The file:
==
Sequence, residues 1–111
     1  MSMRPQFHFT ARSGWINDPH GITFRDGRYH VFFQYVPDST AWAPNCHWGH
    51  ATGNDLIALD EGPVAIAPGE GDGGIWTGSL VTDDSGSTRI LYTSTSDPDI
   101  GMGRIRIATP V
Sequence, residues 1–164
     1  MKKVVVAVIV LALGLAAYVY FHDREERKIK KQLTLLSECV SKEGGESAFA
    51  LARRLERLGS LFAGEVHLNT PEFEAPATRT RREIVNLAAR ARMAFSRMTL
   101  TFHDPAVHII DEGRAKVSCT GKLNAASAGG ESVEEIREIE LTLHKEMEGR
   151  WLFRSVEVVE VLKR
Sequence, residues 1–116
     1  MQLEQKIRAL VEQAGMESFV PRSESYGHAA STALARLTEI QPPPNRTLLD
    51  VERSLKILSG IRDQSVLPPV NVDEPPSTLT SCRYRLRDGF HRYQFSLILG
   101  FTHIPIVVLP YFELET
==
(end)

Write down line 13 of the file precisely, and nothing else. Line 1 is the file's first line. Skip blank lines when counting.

   101  FTHIPIVVLP YFELET